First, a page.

September is a good month for grandfathers and grandmothers. The Sunday after Labor Day is celebrated annually as Grandparents Day in the United States.
President Obama, in his 2016 proclamation for National Grandparents Day, commended such characteristics as their wisdom, compassion, grit and a legacy of hard work and community involvement.
One category of grandparents he singled out for recognition is the millions who are primary caregivers for their grandchildren, “providing the discipline, guidance and encouragement needed to thrive.”
He called these grandparents “our heroes, our confidantes and our fiercest advocates.”
Here in Arizona, some grandparents have organized to speak up for the needs of grandparents raising grandchildren, as well as other kinship families (non-parents caregivers for children).
The Arizona Grandparent Ambassadors are a support network and an advocacy movement. They have groups that meet in the Phoenix area, Central Arizona and Tucson, and have plans to expand throughout the state.
Besides meetings and workshops, every year they sponsor a Grandparents Day at the Legislature and an Arizona Grandparent Ambassadors Summit to provide education and determine priorities for action.
Why have Arizona Grandparent Ambassadors decided to include advocacy as well as mutual support in their mission?
According to the Children’s Action Alliance, more than 76,200 children in Arizona are being raised by grandparents or other relatives. In one-fourth of these families, the grandparent has a disability.
A similar proportion of these families lives below the poverty line.
Most grandparents didn’t plan to be responsible for caring for children in their older years.
They have stepped up because they were needed and to prevent these children from having to enter the overburdened foster-care system.
Some are still working or find themselves going back to work to support their expanded family. Others are living on Social Security or using their retirement savings earlier than they had planned.
The Grandparent Ambassadors have worked successfully with legislators to secure financial support for some of these families. One enactment provides support for certain families in unlicensed kinship foster care.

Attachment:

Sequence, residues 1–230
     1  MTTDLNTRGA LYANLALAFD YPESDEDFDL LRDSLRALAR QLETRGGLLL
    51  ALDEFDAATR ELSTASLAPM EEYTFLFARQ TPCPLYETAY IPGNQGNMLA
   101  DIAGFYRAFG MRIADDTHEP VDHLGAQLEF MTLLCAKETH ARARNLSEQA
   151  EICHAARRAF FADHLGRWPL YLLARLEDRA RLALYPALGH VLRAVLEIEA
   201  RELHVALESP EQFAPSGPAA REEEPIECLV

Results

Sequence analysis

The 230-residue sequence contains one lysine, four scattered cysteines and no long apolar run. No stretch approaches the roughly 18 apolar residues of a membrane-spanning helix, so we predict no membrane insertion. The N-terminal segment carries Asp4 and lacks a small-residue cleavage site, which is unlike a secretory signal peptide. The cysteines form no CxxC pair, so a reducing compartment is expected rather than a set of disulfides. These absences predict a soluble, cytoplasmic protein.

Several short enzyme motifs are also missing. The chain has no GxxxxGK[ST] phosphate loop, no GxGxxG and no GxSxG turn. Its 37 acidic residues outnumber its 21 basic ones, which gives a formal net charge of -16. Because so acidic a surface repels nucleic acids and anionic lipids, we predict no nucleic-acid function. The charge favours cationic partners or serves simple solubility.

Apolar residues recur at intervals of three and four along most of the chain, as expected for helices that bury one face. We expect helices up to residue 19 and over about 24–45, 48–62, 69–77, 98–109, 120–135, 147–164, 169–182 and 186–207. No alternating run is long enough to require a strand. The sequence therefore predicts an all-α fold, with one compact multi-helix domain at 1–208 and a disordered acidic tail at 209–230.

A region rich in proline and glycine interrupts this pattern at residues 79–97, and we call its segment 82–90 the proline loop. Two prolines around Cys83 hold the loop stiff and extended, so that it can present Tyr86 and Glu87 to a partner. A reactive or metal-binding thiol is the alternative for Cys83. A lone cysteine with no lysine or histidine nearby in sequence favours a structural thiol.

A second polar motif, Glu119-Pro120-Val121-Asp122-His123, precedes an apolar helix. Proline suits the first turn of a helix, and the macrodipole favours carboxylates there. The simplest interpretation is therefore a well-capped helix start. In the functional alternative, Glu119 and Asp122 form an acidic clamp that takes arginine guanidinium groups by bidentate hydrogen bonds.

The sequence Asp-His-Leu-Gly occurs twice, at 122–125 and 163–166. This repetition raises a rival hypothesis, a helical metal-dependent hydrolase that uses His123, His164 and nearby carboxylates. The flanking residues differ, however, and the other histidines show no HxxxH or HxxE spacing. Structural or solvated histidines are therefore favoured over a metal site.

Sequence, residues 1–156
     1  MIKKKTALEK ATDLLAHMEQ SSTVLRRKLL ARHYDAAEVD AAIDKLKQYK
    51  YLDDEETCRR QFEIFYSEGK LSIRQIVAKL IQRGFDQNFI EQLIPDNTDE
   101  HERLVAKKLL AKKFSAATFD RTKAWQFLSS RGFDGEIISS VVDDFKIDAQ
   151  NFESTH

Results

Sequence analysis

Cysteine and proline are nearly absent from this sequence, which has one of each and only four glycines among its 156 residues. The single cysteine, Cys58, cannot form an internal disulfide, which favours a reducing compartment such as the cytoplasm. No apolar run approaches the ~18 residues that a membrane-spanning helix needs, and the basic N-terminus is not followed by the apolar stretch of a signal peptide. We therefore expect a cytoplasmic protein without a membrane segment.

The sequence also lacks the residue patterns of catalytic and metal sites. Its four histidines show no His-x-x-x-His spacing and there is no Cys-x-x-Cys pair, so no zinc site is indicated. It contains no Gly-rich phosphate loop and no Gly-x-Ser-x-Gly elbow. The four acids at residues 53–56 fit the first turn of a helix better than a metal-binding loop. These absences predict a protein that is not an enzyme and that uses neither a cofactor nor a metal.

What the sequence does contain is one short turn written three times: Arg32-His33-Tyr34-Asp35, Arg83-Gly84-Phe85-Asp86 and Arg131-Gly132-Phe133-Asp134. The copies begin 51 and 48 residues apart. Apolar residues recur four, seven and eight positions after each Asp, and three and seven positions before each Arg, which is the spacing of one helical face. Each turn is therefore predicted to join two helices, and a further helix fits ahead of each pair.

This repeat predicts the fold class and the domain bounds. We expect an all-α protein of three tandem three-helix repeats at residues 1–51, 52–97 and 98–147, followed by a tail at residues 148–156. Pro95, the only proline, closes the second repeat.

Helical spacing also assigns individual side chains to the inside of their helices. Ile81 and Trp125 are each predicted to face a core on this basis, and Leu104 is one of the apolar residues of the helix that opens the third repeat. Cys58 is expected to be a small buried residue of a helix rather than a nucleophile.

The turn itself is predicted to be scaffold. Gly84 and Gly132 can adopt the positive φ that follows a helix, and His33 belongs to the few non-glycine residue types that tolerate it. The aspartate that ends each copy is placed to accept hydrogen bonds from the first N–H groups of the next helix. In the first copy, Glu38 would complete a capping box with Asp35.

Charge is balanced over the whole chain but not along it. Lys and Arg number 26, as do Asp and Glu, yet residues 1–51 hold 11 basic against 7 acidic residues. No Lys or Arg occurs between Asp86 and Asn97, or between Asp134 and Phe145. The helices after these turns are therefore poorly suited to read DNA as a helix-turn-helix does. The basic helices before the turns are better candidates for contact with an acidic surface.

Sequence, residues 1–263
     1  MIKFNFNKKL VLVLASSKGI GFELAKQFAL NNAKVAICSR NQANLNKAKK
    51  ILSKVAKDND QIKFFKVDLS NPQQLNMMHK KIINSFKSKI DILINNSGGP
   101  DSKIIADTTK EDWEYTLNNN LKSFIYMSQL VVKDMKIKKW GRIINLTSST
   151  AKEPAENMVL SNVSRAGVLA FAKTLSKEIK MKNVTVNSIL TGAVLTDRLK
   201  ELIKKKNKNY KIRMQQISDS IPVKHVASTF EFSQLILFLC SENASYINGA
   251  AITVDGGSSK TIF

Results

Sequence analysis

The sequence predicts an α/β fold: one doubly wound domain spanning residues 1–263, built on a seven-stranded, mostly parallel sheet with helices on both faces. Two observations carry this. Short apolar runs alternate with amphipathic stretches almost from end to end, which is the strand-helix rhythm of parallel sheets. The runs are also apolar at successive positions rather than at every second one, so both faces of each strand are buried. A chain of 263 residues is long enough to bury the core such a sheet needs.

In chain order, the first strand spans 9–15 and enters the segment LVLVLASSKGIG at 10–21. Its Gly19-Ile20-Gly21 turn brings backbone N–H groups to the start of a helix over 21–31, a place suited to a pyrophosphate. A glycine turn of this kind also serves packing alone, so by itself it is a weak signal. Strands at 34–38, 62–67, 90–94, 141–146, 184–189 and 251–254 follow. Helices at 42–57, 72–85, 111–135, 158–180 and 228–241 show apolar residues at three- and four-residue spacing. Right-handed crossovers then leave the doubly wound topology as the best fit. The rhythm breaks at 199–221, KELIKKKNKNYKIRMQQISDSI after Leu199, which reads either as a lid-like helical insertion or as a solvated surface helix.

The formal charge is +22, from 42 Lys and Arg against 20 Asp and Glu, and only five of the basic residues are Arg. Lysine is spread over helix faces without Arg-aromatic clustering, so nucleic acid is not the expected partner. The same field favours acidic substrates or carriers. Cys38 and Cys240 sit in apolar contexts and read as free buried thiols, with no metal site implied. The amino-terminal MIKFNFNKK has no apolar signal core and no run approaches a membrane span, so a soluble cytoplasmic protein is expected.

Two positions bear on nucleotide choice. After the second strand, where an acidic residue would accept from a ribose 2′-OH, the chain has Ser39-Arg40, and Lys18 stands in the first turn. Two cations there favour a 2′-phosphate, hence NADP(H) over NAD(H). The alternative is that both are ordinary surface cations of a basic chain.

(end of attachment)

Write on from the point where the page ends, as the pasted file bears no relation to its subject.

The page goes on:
The Grandparent Stipend is $75 per month per child and is administered by the Department of Child Safety.
Another bill corrected a “grandparent penalty” in the TANF program (Temporary Assistance for Needy Families.)
Now a child affected by the “kidcap” policy can receive TANF benefits while living in a kinship family.
Another accomplishment by the Grandparent Ambassadors with the Legislature has been the proclamation of September as Kinship Care Month.
Arizona is one of eight states to have passed such a resolution. The others are Virginia, New York, South Dakota, Vermont, Georgia, Ohio, and New Jersey.
This official designation recognizes all non-parent caregivers of children, predominantly grandparents, and honors the contributions they are making to the lives of the children they are raising.
There is also a movement to secure a congressional proclamation of September as an official nationally recognized kinship care month.
It would be wise to celebrate the contributions of grandparents raising grandchildren all year long, not just in September.
Research has shown that compared to children who enter the foster-care system, children raised by grandparents have “improved school performance, less reliance on welfare, more autonomy in decision making and fewer deviant behaviors.”
Kinship care minimizes disruption when children cannot stay with their parents for whatever reason.
These families deserve greater financial support and easier access to health and behavioral health services.
In partnership with an array of community agencies active in working on these issues, Arizona Grandparent Ambassadors pledge to continue their education and advocacy work on behalf of kinship families.